Recipe rating: 8/10 Italian Chiantis. The lamb is tough, probably because I don’t have my own butcher.

Recipe 10: Couscous with Pine Nuts

I would conservatively estimate that one third of Ina’s recipes call for pine nuts. As noted earlier, I have simply left them out of recipes because all I know about them is that they are twelve dollars per nut. WE GET IT. YOU’RE RICH. But along with currants (?!) they are the only sort of flavor in this couscous recipe, so I figure I’d better bite the proverbial bullet and just get some. A 2.4 oz. bag turns out to be four dollars. I use the padlock for my gym locker to secure them in my glovebox on the way home. At home, I also investigate the currants, another four-dollar item, which look like small raisins and taste like absolutely nothing.

Recipe rating: 6/10 cold soups. The texture of this is fun, but the taste is not much different than plain rice or unseasoned mashed potatoes. An underwhelming side dish if I ever tasted one.

Girl please.

Zante?

Recipe 11: Easy Lobster Paella

As a last savory hurrah, I decide to attempt paella. This traditional Spanish dish combines rice, seafood, sausage, chicken, peppers, saffron, alcohol—pretty much the whole kitchen sink (or, if you believe the legend about it, everything in a romantically-inclined man’s pantry and cellar, which he combined to serve to a girl he wanted to impress and called “para ella”—for her). Ina’s version is much less involved than the traditional, so I decide to give it a shot. And I’ve got to use up this pretend lobster somehow.

Saffron, it turns out, is not something one can find at grocery stores in Grand Rapids, Michigan. I try four different stores and then give up. This is probably a bad start because saffron is a fairly key ingredient and gives the paella its signature yellow color. Alas. I also need a specific alcohol called Pernod, which the internet says is an herbal liqueur. This seems specialized, so I make a trip to my favorite fancy liquor store. This is also good because I’m out of contessa-worthy box wine.

I open the Pernod back at home and it smells like my Dutch grandma’s candy cupboard. By “herbal,” the internet meant to say “anise/black licorice flavored.” This seems like a strange thing to put in a rice dish with lobster and kielbasa. But who am I to question Ina?

Recipe rating: 9/10 expensive cheeses. It turns out that a third of a cup of Pernod is almost too much, but it somehow doesn’t ruin the dish. This is really good, and I could almost confidently say “how easy was that?!” when I finished. Also note: halve this if you are cooking for fewer than twelve people. I served three for dinner and all three of us ate leftovers for days.

PC: ‘lil sis.

Recipe 12: Beatty’s Chocolate Cake

The recipe notes say that Michael the florist’s dad created this recipe, but all I know is that it’s delicious. The only pretentious ingredient is “good cocoa powder,” so I use Hershey’s because Ina and I have an understanding now. This cake comes together easily, bakes perfectly, and tastes so much like chocolate. Ina says the secret is the bit of coffee in the batter and frosting. She’s right.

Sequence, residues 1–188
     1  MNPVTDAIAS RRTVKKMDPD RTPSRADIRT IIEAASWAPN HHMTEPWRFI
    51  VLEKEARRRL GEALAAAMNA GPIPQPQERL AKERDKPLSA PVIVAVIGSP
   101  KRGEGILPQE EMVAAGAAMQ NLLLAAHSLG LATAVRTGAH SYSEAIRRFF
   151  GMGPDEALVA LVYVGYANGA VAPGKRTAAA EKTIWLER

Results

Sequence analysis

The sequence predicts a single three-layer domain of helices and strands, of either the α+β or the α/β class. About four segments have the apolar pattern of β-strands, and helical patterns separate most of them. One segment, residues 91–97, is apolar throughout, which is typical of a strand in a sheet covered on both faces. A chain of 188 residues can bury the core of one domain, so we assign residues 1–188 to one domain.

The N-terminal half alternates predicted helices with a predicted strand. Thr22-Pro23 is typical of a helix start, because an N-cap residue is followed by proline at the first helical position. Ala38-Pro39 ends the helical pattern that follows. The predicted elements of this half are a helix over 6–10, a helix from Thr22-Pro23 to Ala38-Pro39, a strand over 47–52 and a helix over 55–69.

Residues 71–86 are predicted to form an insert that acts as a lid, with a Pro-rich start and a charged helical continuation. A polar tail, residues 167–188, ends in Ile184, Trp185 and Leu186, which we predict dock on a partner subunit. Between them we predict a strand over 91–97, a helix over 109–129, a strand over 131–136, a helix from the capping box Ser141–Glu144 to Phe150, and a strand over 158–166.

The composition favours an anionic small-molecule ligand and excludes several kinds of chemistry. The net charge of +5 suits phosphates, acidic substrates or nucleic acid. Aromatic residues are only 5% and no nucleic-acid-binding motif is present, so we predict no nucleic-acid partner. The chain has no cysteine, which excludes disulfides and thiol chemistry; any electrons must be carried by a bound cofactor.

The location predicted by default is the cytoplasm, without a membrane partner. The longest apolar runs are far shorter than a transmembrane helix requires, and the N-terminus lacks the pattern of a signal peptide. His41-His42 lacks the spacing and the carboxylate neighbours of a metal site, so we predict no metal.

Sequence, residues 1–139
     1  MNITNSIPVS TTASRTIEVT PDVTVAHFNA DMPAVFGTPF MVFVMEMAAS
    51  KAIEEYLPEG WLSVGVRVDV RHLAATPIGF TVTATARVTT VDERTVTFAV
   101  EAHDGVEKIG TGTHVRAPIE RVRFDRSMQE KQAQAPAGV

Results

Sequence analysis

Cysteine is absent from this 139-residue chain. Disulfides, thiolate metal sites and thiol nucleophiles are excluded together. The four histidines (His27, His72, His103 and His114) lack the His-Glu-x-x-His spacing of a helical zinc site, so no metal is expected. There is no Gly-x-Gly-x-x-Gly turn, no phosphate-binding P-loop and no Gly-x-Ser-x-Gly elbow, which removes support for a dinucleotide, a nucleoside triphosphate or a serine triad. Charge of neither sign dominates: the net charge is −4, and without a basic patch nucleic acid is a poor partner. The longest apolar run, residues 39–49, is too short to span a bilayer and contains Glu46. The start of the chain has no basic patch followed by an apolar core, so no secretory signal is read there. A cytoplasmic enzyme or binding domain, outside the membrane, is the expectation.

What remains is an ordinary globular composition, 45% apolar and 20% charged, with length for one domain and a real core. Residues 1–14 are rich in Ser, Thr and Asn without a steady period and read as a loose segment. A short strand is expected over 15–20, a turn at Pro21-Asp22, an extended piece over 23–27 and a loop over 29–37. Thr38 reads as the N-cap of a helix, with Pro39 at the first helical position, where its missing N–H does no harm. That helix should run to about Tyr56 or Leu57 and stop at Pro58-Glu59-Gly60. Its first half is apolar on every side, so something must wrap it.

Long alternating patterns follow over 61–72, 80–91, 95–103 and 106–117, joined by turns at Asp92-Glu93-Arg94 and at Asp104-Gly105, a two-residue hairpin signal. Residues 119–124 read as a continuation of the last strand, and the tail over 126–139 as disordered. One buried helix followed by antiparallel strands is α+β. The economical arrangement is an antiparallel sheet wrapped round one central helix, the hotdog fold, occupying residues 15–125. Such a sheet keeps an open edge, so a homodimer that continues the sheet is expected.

Some founding members of the post calvin and I eat this cake on a deck with comfy furniture and tiki torches and wine and cheese. It’s a magical ending to a satisfying project.

Recipe rating: 10/10 old photographs of Jeffrey

Conclusion

So I think this is where I tell you what I learned about cooking, myself, and how to make the world a better place. No promises on the changing the world part, but here’s what I’ve got.

Practical lessons:

  • Cooking multiple recipes almost every day for a week makes a huge mess. A dishwasher (be it human or machine) is a #blessing.
  • “Good” is a relative term. Except, probably, when it comes to lobster.
  • Pernod tastes like black licorice and is also subject to the “ouzo effect.”  Splash some in your glass, add water, and watch the magic happen. Recommended for porch sipping as the fireflies come out.
  •  A good apron saves lots of laundry headaches.
  • Telling a date that you’re using him as a guinea pig to taste dishes you’ve never made might offend him.
  • There’s actually something nice about using physical cookbooks. I usually cook from the internet, but this week there was so much less distraction. Just remember to bookmark the pages you need. (This lesson brought to you by the chocolate frosting now adorning the pages of the Grand Rapids Public Library’s edition of Cooking for Jeffrey.)
  • Pine nuts are probably not worth it.

The sentimental stuff:

In the introduction to Cooking for Jeffrey, Ina waxes poetic about how much she loves—wait for it—cooking for Jeffrey. It still grates a bit on my down-with-the-patriarchy nerves, but—you go girl. Third wave feminism and all that. And once I get past the idea that she’s barefoot in the kitchen cooking for her husband, I realize that Ina and I cook for the same reason.

“What Cooking for Jeffrey has taught me sit he power of food,” she writes. “Cooking is one of the great gifts you can give to those you love. It says ‘you’re important enough to me to spend the time and effort to cook for you.’ … When people show up around your table, you create a community of friends who take care of each other, which is, for me, the whole point of cooking.”

I cook because i love people. I don’t always have the words for it, so sometimes a bowl of soup will have to do. Ina’s right—whether it’s your Jeffrey or a housemate or a daughter or a friend from out of town, and whether it’s something as simple as a pan of scrambled eggs or as intricate as beef bourginon, just sitting down to eat is the ultimate unifier.  How easy is that?

Abby Zwart
Abby Zwart (’13) teaches high school English in Grand Rapids, Michigan. She spends her free time making lists of books she should read, cooking, and managing the post calvin.